The effects of streaming potential modeled electric fields on bovine aortic endothelial cells
Trivedi, Darshan Parimal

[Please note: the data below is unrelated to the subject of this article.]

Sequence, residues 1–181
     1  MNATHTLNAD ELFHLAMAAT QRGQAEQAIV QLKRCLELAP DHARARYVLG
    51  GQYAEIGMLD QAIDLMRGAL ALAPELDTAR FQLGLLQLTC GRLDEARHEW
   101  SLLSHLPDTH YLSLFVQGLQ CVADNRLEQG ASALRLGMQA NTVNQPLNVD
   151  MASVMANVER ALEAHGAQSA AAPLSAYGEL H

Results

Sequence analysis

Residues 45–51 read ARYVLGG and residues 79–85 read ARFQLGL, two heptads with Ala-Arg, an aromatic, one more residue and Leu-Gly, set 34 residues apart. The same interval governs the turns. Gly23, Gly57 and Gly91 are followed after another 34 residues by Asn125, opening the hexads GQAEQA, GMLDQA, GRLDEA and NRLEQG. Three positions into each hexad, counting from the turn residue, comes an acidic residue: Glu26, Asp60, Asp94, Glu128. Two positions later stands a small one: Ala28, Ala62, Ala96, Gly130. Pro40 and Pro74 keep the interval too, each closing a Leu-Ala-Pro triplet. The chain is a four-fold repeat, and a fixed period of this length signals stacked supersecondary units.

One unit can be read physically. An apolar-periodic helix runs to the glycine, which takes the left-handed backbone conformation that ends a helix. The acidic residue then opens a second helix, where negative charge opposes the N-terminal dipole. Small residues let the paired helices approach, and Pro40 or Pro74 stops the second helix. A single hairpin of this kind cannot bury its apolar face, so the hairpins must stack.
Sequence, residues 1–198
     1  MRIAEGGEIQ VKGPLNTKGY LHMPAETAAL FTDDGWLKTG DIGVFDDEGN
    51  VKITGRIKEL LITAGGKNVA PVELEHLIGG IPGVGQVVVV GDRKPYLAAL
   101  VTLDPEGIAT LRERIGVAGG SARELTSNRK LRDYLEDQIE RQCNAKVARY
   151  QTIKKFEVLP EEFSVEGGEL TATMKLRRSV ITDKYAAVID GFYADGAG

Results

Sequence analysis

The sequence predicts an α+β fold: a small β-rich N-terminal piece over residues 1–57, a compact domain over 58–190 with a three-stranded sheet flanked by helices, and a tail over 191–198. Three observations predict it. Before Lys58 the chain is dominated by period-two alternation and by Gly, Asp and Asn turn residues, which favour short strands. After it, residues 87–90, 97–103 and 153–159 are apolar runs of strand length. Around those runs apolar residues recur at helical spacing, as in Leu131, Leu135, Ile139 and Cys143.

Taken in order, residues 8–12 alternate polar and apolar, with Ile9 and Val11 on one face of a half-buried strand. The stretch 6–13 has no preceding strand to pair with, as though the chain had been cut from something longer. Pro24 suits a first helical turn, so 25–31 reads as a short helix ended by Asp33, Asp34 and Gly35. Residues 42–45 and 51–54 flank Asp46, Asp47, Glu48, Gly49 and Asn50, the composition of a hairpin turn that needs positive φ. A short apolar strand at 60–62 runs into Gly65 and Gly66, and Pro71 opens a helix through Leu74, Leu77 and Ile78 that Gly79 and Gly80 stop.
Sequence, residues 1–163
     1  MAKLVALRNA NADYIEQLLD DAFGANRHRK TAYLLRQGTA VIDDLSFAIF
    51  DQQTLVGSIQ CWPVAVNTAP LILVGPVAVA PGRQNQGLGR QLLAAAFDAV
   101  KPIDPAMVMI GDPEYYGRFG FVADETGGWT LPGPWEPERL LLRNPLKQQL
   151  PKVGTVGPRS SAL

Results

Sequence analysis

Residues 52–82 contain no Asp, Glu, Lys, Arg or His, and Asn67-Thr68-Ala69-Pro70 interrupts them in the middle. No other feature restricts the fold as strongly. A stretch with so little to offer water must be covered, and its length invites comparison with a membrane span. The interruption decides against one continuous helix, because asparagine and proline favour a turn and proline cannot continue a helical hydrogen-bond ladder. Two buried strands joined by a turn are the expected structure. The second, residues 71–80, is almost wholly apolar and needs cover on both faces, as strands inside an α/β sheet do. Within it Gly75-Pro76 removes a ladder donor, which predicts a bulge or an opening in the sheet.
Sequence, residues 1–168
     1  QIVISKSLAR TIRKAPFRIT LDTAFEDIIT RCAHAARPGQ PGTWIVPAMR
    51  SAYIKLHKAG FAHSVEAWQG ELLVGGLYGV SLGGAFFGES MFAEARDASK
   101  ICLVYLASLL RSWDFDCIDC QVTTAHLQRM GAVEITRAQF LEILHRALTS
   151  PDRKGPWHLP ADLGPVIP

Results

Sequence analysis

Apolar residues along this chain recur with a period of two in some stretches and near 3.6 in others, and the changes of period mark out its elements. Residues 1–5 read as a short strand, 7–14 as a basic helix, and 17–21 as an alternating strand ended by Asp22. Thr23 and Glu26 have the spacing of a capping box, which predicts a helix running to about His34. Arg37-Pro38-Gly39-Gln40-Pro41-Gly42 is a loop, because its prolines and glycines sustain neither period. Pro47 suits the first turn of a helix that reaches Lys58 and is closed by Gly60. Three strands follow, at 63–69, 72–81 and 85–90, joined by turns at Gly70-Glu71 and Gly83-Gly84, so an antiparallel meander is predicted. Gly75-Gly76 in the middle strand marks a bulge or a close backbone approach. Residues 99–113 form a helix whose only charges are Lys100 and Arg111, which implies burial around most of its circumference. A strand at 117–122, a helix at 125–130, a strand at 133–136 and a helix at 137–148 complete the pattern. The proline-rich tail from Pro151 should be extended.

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Bovine aortic endothelial cells (BAECs) respond to blood flow by modulation of membrane potential and nitric oxide production ([NO]). Shearing forces, mechanically generated by blood flow, have a well-described influence on BAEC biology. However, blood flow simultaneously generates an electrical streaming potential by inducing charge separation along the vascular wall. This study investigated the role of the streaming potential as a factor in BAEC biology. Within a laminar flow chamber, both shearing force and an electrical signal were recorded [0, 0.35, 1.2, 2.0 N-m^-2 ; 0-2 V-m^-1 DC/300 mV-m^-1 AC]. At constant flow onset, a membrane potential sensitive fluorescent probe, DiBAC4(3), demonstrated BAEC hyperpolarization (-8 mV, maximal at <100 secs) with depolarization back to baseline in 200 seconds. When the streaming potential was neutralized, flow onset induced a prolonged hyperpolarization (~4-6 mV, maximal at <100 seconds) without subsequent depolarization. Application of an isolated streaming potential modeled field caused a ~2 mV depolarization. Using channel blocking agents, the streaming potential effect was attributed to a flow-sensitive calcium-activated chloride channel. A nitric oxide specific fluorescent probe, DAF-2, showed [NO] to be proportional to the shearing force. When the streaming potential was neutralized, [NO] was potentiated. The pulsatile electrokinetic vascular streaming potential (EVSP), found in vivo, can be modeled mathematically by oscillating electric fields. EVSP applied to BAECs caused membrane depolarization (up to 7 mV, p < 0.05) proportional to field frequency, but not field strength. Without fluid flow, ATP stimulation of BAECs was needed to elevate [NO] into an observable range. ATP stimulated [NO] demonstrated early logarithmic (first 30 min) and subsequent (30 min to 2 hrs) exponential relationships. Simultaneous EVSP and ATP stimulation showed increased [NO] greater than ATP stimulation alone. Studies performed in ±Ca2+ media and with calcium channel blockade demonstrated effects proportional to EVSP field strength and frequency on these processes. In summary, our results provide evidence for a role of the streaming potential in the flow response of BAECs, previously attributed only to mechanical shearing forces. Streaming potential-modeled fields induced frequencydependent depolarization in BAECs. These fields decreased flow-induced [NO], and potentiated ATP-induced [NO].
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